RSNA: Anxiety May Hasten Progression to Alzheimer Disease
Rate of progression from MCI to AD increased with ApoE4, anxiety, lower hippocampal and entorhinal cortex volumes
WEDNESDAY, Nov. 25, 2020 (HealthDay News) -- Apolipoprotein E4 (ApoE4) genotype, anxiety, and lower hippocampal (HV) and entorhinal cortex volumes (ERV) are associated with an elevated progression rate from mild cognitive impairment (MCI) to Alzheimer disease (AD), according to a study scheduled for presentation at the annual meeting of the Radiological Society of North America, held virtually from Nov. 29 to Dec. 5.
Jenny L. Uber, from the Medical University of South Carolina in Charleston, and colleagues examined the effect of anxiety and depression on progression of MCI to AD in a population of 339 patients (mean age, 72 years) with a baseline diagnosis of MCI. Of these patients, 72 and 267 progressed to AD and remained stable, respectively.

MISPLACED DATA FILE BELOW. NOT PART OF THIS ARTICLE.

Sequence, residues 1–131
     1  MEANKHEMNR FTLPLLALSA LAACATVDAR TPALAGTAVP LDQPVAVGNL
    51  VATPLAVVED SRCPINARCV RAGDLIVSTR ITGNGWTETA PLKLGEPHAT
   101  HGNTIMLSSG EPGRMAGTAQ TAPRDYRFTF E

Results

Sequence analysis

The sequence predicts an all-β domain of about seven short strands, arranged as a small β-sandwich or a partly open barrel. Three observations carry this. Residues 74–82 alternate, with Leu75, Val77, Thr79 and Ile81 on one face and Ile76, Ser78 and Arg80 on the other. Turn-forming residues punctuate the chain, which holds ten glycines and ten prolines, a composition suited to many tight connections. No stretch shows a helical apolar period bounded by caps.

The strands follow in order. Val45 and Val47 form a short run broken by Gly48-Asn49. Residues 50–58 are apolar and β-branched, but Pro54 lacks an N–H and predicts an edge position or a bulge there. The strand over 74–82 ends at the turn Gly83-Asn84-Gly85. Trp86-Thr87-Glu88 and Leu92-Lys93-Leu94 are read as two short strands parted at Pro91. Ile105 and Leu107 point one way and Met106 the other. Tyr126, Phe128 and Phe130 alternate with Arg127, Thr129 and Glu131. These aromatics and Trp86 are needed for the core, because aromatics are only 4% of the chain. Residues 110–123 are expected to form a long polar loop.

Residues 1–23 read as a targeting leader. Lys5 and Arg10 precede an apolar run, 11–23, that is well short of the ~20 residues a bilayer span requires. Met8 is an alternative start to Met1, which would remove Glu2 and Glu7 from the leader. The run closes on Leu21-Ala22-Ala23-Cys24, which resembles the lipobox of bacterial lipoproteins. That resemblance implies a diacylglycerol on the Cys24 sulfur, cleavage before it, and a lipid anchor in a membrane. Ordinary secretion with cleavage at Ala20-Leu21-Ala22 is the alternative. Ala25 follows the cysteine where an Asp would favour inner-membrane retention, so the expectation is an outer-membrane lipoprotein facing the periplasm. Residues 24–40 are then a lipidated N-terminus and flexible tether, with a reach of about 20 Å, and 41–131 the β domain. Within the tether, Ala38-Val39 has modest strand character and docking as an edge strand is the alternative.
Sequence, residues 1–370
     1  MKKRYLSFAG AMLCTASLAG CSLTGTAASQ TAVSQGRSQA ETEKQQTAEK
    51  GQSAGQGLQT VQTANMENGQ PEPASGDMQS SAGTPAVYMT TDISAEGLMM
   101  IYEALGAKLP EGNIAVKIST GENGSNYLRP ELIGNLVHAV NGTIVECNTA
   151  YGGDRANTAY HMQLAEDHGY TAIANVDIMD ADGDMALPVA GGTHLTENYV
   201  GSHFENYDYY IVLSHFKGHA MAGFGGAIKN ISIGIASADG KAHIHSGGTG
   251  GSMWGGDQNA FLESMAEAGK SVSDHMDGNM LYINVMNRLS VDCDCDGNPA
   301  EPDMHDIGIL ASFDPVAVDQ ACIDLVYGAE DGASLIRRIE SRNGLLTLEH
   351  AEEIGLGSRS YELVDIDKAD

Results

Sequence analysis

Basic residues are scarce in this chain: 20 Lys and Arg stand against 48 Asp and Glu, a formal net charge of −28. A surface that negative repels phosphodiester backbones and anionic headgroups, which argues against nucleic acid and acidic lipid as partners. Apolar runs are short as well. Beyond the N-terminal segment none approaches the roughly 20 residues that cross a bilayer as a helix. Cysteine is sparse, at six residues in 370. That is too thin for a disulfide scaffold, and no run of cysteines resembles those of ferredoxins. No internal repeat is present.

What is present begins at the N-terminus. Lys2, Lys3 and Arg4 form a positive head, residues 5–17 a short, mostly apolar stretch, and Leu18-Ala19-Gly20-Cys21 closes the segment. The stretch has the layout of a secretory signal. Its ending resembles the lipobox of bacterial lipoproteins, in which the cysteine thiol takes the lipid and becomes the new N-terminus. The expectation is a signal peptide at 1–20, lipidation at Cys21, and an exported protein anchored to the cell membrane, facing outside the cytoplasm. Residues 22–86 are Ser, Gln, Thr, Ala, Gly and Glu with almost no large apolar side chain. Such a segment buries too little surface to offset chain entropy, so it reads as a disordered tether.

The researchers found that among MCI patients with and without progression to AD, there was no difference in age, gender, or years of education. Significantly lower normalized HV and ERV, greater frequency of the ApoE4 allele, and greater maximum levels of anxiety and depression were seen for patients who progressed to AD. An increased rate of progression from MCI to AD was seen in association with the presence of ApoE4, a higher level of anxiety, and lower HV and ERV.
"We need to better understand the association between anxiety disorders and cognitive decline," a coauthor said in a statement. "If we were able in the future to find that anxiety is actually causing progression, then we should more aggressively screen for anxiety disorders in the elderly."